An Andean Flute

I have had a few difficult experiences in the past several days, not the least of which has been my ill-advised zinger on plagiarism on the WPA-l.  These experiences have been difficult to internalize, resort and rearrange so that I could come out on the other side, having learned something that would help me make more sense out of my life and the lives of those with whom I intersect.

Being the kind of writer I am, I make better sense out of events by writing about them.  Whether I let anyone see the process is in many ways the subject of this blog. I began this blog simply because I was asking my students to create blogs.  When I began, I was decidedly blog innocent.  I still am significantly innocent, but through the process of writing these posts, I have learned a good deal about writing, private and public discourse and the many areas in between, and I want to try to get down this morning something of what I am learning.  One would think I would have learned more, having been teaching and writing for more years than I care to mention, but people who know me well know I’m a slow learner. My wife, Sarah, used to console me by saying at least I learn.

I ask my Life Writing students to write personal essays that they are willing to let the other nine students in the class to read.  Some of these students have been willing to edit their essays and allow me to post links to them on this blog.  Needless to say, this kind of exercise is a natural reader-oriented activity, quite a bit better than “Imagine you are writing a letter to . . . .”

I have imagined my blogging as something of the same, although exaggerated by the number of unknown readers as a consequence of my attempt to gain some kind of readership by announcing on WPA-l and with Google+.  For several reasons, I wanted to engage in the same kind of writing I have been asking my students to do.  First, I like this kind of writing–it’s how I figure myself out.  Well, I’ll stop there. It’s dangerous to try to figure yourself out in a public space. I did know it was dangerous, but I know I’m trying to discover for myself something about writing and being somewhere on the continuum from diary (absolutely private) to published book–large, unknown audience (this is all Moffett stuff).

Truthfully, I like the risk. I can’t explain why, but I do. Actually, I do know why, now that I’ve thought about it, but I’m not going to explain it. Key is resistance to a kind of enforced sterility that characterizes most professional writing. I’m not all the much different than one of my students I quoted in my last post.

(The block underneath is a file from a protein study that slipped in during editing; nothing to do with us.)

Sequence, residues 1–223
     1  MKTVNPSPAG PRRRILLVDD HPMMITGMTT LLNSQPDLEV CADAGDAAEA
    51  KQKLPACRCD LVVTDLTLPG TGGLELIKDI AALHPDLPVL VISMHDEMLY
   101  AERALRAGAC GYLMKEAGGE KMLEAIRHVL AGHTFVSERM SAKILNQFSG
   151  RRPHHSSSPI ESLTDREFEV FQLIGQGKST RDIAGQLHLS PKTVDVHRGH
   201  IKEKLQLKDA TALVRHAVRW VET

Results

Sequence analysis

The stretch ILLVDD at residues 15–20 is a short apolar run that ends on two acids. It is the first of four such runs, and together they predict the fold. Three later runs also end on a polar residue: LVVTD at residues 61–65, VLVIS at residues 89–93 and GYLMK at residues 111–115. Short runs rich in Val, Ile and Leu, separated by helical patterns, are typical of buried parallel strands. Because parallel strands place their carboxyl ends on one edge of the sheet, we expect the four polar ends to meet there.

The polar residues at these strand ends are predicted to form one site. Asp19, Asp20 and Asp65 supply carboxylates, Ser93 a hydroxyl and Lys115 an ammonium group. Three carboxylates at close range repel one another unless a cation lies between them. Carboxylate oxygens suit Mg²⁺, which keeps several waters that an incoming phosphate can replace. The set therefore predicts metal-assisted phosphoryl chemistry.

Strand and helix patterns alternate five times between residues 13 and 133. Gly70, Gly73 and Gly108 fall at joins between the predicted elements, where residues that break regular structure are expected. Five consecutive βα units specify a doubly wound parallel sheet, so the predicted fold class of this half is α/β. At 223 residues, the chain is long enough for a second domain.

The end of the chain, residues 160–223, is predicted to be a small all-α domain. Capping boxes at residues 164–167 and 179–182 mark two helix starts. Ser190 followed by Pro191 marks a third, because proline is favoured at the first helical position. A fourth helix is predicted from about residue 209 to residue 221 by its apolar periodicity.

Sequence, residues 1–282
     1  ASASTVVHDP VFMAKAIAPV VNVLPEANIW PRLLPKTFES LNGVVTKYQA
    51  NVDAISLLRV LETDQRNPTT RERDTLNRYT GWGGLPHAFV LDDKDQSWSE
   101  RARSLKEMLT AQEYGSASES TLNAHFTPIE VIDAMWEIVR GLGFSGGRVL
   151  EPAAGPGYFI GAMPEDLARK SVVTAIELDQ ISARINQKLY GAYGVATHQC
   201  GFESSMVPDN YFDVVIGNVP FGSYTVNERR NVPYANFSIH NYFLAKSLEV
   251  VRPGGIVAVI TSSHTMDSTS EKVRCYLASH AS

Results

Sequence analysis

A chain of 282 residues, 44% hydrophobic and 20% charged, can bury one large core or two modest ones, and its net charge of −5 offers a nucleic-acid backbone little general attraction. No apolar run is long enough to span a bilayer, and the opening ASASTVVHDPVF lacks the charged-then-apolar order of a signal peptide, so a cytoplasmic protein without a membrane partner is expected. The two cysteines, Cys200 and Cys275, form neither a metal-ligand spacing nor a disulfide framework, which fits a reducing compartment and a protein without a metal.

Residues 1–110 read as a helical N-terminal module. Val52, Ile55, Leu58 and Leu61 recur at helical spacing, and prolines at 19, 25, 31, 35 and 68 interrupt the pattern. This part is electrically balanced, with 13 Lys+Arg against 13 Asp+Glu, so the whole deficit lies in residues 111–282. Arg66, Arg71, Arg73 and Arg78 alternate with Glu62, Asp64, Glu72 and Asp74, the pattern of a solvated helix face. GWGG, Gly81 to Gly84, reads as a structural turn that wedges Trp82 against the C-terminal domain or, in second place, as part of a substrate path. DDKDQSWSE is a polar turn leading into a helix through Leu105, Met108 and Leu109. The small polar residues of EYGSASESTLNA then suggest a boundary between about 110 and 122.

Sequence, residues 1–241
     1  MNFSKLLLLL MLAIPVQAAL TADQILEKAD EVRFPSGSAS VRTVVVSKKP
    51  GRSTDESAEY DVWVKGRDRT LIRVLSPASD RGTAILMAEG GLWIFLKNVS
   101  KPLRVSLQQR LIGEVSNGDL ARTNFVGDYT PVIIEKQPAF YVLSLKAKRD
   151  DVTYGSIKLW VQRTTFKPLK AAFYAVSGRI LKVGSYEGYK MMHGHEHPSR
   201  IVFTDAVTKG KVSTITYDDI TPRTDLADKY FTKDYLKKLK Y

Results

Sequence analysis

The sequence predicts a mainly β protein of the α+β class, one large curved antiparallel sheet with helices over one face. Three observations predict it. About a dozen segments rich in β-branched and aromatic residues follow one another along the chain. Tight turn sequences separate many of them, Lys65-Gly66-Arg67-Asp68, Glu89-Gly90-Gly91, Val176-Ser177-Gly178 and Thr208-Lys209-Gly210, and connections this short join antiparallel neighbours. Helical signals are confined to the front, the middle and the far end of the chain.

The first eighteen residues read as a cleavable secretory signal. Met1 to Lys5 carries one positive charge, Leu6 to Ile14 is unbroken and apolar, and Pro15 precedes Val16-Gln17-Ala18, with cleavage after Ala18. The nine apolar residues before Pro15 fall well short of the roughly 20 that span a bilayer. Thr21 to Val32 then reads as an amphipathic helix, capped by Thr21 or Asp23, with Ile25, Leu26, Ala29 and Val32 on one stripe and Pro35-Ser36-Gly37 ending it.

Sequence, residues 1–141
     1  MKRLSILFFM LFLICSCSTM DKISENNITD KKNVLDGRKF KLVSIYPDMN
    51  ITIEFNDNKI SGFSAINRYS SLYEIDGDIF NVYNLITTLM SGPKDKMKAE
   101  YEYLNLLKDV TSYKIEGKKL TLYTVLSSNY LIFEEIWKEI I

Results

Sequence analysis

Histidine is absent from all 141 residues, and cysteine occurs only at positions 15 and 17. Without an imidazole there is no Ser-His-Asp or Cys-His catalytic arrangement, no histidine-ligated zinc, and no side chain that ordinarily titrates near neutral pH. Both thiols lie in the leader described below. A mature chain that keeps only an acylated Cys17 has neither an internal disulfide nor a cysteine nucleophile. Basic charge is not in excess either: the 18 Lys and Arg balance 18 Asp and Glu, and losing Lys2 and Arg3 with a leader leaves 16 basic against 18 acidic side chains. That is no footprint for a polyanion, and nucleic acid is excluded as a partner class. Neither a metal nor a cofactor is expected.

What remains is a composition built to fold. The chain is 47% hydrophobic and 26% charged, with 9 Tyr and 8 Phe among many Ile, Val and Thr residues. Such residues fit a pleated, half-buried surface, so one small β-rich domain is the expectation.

But I have gotten into trouble, and now I’m trying to work my way out of it.

About fifteen years ago, I published in an online journal an article documenting/interpreting the origins of the Conference on the Theatre and Pedagogy of the Oppressed (PTO), featuring the work of Augusto Boal and Paulo Freire.  I was one of the original organizers in about 1994 or so (it is still ongoing–this year’s will be in Omaha, NE, the place of its origin.  In the article, I recounted several very difficult moments in the conference. I had occasion to reread this essay yesterday and I thought I would include here a couple of paragraphs near the end of the essay when I wrote about my decision to make public some of the problems that might have perhaps been left private, reminding me of one of my previous posts in which I wrote about crossing the line [the essay was called “The Flute”].

After multiple identity conflicts and role juggling, the advisory committee [I was a member] reconstructed itself and moved forward.  I would like to expose these conflicts because they reveal the underbelly of social relationships and the liberatory movement, but in any movement, as in any relationship, there are things one shouldn’t talk about because the public right to know conflicts with the individual’s right to privacy (a statement that is itself conflicted by the linguistic social construction of  “individual” and “public”).  There is a point at which one glosses over discomforting issues and gets on with the business of living.  Where we place that point defines us—as I have defined myself by telling you this story.
I know that in order to hear Paulo’s music through the cacophony, one has to see beyond; one has to focus not on individuals, not on class, race, or gender but on the contradictions within the system—and on the possibilities for action.  That’s what Paulo means by conscientizaçao.  I think that we also have to move beyond blame.  We have to stop blaming others and we have to stop blaming ourselves.  But it’s hard to remember that amidst the finger-pointing and shouting.

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